Rauschgold angels were made as far back as the 18th century, and were originally made with paper-thin sheets of pounded brass. This angel, in her original box and tied with her original waxed twine, is the first we've ever discovered in the wild. She is lavishly layered in colorful sheets of heavy aluminum foils, pleated to precision. She's also received additional accents of Dresden foil trims and hand-painted facial features. Her original sticker shows that this item originally cost five Deutschmarks.
The American version of a Rauschgold angel is by way of this stunning example, circa 1950 or 1960. Resplendent in metal foils, this angel epitomizes the Atomic Era, that period after the second war when metals were no longer rationed. She is constructed entirely of metal foils and paper. All the metallic components like the textured foils, punchinella, metallic millinery trims and pleated mesh, are all layered over cardboard. Her face is molded paper, with hand-painted details. To date, this is the tallest tree topper we've ever found. She measures 20" tall.
Koestal angels are another highly sought after item and, this year, we found six. Made in Germany, the angel's faces and hands were cast in wax after which facial details of the hair, lips and eyes were hand-painted to stunning realism. Hair was usually painted in metallic gold. The gowns on many Koestals were crafted from fine brocades, velvets, and metallic braids. In addition, many were trimmed with Dresden papers, and foil wings completed the look. Often Koestals either carried smaller Koestal children, banners of holiday sheet music, or exquisitely crafted hand-held metal lanterns.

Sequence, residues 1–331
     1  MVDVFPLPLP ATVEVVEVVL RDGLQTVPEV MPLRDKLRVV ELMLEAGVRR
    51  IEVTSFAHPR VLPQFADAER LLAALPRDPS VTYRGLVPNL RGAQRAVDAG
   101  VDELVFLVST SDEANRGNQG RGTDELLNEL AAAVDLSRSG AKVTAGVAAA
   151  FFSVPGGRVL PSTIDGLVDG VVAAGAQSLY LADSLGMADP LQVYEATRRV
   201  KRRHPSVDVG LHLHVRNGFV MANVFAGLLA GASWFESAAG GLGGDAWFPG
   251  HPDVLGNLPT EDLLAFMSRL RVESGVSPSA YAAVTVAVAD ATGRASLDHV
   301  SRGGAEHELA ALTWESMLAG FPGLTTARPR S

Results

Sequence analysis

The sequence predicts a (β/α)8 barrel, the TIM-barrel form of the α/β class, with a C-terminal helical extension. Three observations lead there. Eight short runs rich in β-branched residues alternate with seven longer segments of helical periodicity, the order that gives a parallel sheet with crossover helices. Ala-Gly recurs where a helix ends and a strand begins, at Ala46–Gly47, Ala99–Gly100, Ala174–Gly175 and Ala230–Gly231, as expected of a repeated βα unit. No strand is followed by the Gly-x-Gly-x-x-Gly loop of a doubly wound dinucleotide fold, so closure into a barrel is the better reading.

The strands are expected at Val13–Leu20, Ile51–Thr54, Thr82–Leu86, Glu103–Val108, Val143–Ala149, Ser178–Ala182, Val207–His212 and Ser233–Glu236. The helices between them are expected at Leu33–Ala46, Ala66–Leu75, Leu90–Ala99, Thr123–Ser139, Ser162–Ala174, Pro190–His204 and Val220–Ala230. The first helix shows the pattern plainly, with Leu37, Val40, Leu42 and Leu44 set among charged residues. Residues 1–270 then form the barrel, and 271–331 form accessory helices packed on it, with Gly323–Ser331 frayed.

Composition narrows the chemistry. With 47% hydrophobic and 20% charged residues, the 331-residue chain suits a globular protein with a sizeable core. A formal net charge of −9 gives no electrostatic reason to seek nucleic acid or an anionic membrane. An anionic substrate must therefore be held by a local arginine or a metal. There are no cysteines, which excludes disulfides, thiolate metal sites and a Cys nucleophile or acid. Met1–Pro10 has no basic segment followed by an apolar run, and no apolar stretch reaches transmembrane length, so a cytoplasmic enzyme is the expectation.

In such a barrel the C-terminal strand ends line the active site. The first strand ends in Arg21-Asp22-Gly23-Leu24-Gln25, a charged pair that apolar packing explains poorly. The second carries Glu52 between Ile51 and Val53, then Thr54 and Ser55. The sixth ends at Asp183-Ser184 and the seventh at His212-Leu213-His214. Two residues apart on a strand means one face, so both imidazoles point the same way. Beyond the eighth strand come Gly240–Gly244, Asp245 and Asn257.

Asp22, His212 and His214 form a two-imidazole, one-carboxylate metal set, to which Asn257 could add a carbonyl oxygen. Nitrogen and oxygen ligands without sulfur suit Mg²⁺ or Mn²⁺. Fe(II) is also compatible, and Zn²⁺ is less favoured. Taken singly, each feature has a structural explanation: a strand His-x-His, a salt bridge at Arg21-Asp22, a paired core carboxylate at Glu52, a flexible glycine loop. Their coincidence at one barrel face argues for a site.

Celluloid angel ornaments appeared and were manufactured in Europe during the 1950s. We managed to find one ornament. Most hail from Germany, and were made in dozens of poses including entire orchestras of musical angels spanning all gamut of instruments. You'll find these angels in numerous themes, some are floating on clouds of original curly angel hair, and some were made into candleholders for the table or mantle. Even tiny versions can be found, and most were used to decorate delicate, table-top feather trees.
As you can see, there are perhaps hundreds of items out there waiting for the collector to herd them into a collection. Start small, find what you like and have fun! There's nothing like opening your boxes of decorations each year, as you often forget the treasures that have been packed away. It is a delight each season when you unpack your decorations and review your new heirlooms. And please, keep those heirloom ornaments.
To all our Frankly readers, have a wonderful holiday season and a beautiful close to 2016.
Next year's Frankly Holiday Highlight will focus on vintage holiday items made exclusively in Wisconsin. Some examples are: Evergleam aluminum Christmas trees manufactured in Manitowoc, tin snow-sledding saucers and toys made by Sheboygan Toy Co., cast iron tree stands made by Brillion Iron Works, etc. As a head start, we just unearthed three cardboard boxes of original, lead tinsel from The Tinsel Factory in Sheboygan. You'll see that next year!
If you have a vintage holiday item that was manufactured in Wisconsin, and you'd like to see it featured in the 2017 holiday edition of Frankly Green Bay, please drop me a line at email@example.com.